WebLecture: Gases in Chemical Reactions
Kotz and Triechel, Chemistry and Chemical Reactivity Chapter 10: Sections 4-8
- 10.4: We can use gas laws to predict the outcome of chemical reactions, for example, the volume of gas released if known amounts of reactances are combined in a gas-producing reaction.
- 10.5: In an ideal world, individual gas samples each contribute to the pressure of mixture without affecting each other. We can figure out partial pressures (the pressure exerting by one gas) by assigning to each gas a fraction of pressure based on the fraction of its molecules to the total sample. If we have 2 moles of hydrogen gas mixed with 1 mole of oxygen gas, hydrogen will be responsible for 2/3 of the pressure exerted by the gas sample.
- 10.6: We can relate the temperature of a gas to the average kinetic energy of the molecules of gas using the average velocity of all of the molecules. The value û is the average velocity (this is usually u with a bar over it; a circumflex is as close as I can get in unicode). Average Kinetic Energy then is 1/2 the average mass (for a gas, this will be the exact mass for all molecules) times the square of the average velocity:
KE = 1/2 mû2 = 3/2 RT
The quantity û2 is the mean square speed (we use speed rather than the vector quantity velocity to emphasize that we are not concerned with direction).
The root-mean-square of the average velocity (now independent of direction) can be related to the temperature of the gas as
√û2 = √3RT/M.
While all gases have the same KE at the same temperature, because the molar mass of the gas M varies, the average velocity will vary. The heavier the gas, the lower the average velocity at the same temperature.
- 10.7: Diffusion is the dispersal of gases over time to uniformly fill a volume. Effusion is the dispersal of a gas from one container through a narrow opening into another. Since diffusion rates depend on root mean square speed, which in turn is dependent on the mass of the molecules, differences in rates of effusion for two different gases at the same temperature and pressure depends only on the molar mass, a relationship known as Graham's Law:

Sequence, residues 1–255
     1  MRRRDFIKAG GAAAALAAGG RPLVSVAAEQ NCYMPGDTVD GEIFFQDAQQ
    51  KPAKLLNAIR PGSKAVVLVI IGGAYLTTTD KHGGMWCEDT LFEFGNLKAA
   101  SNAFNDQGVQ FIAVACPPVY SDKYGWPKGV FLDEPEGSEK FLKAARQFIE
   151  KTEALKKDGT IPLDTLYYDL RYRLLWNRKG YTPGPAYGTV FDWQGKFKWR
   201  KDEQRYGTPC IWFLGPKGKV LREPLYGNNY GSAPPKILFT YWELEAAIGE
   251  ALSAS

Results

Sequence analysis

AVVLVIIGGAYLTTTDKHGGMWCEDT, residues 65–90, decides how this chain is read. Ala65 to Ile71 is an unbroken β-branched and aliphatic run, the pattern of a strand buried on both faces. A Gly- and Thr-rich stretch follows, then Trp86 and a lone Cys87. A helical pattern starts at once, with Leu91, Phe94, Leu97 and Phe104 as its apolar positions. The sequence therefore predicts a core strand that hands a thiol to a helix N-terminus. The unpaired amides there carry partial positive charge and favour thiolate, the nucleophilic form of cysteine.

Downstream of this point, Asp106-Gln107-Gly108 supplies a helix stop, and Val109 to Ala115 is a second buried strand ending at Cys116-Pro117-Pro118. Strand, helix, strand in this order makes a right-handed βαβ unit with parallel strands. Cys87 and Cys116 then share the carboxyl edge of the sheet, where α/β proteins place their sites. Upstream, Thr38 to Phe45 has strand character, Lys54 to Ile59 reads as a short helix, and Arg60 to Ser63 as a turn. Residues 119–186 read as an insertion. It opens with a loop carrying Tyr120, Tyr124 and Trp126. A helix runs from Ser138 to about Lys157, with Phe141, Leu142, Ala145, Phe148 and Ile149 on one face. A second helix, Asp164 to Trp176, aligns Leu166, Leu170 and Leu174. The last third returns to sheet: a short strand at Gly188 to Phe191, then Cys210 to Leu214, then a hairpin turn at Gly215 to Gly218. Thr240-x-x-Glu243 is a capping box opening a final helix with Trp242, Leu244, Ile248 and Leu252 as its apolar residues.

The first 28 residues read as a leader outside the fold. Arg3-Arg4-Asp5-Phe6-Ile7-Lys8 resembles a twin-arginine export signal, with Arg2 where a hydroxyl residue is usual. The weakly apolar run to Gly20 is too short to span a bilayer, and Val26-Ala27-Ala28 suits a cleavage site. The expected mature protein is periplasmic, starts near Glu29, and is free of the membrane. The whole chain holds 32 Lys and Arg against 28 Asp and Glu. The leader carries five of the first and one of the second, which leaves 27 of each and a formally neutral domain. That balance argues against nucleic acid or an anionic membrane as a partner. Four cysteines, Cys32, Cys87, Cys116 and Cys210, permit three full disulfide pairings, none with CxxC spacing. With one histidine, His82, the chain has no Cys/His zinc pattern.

|Rate of effusion of gas 1
Rate of effusion of gas 2
- 10.8: We have to compensate the "ideal" situation described by PV = nRT for real gases. We recognize that pressure will be affected by intermolecular forces -- the fact that mass attracts mass and electrical fields can attract or repel, depending on charges. This means that collisions are not perfectly elastic, so our observed pressure will be somewhat less than the predicted ideal temperature. We also realize that gas particles do occupy volume in reality, so the space available to a gas has to be slightly diminised by the space occupied by the invidividual molecules. We compensate for deviations from the ideal gas law by using the van der Waals equation:
|( P + a [n/V]2)||(V - bn) ||= ||nRT
So in general, we need to increase observed pressure slightly and decrease observed volume slightly to match the values predicted by the ideal gas law.
Videos for Chapter 10: Gases and their Properties
Review the Videos at Thinkwell Video Lessons.
- Under "Gases: The Ideal Gas Law and Kinetic-Molecular Theory of Gases"
- The Ideal Gas Law
- Partial Pressure and Dalton's Law
- Applications of the Gas Laws
- The Kinetic-Molecular Theory of Gases
- Under "Gases: Molecular Motion of Gases
- Molecular Speeds
- Effusion and Diffusion
- Under "Gases: Behavior of Real Gases
- Comparing Real and Ideal Gases
Homework problems: See your Moodle assignment!
AP #8 GUIDED INQUIRY — Measuring the deviation of real gases from the ideal gas law — Phase II
Carry out your procedure to collect data and formulate a prediction for gas behavior, including behavior near absolute zero. Identify test cases to use for validating your predictions.
- IGHCE Lab 14.1 OR HSCKM VIII-1: Volume-Pressure relationships (Boyle's Law)
- IGHCE Lab 14.2 OR HSCKM VIII-2: Volume-Temperature relationships (Charles' Law)
- IGHCE Lab 14.3 Pressure-Temperature relationship (Gay-Lussac's Law)
- Alternate Labs (two): Gas Volumes and Gas Generation
OnLine Quiz: Take the Chapter 10 Quiz from the Moodle Chemistry page within the next two weeks.
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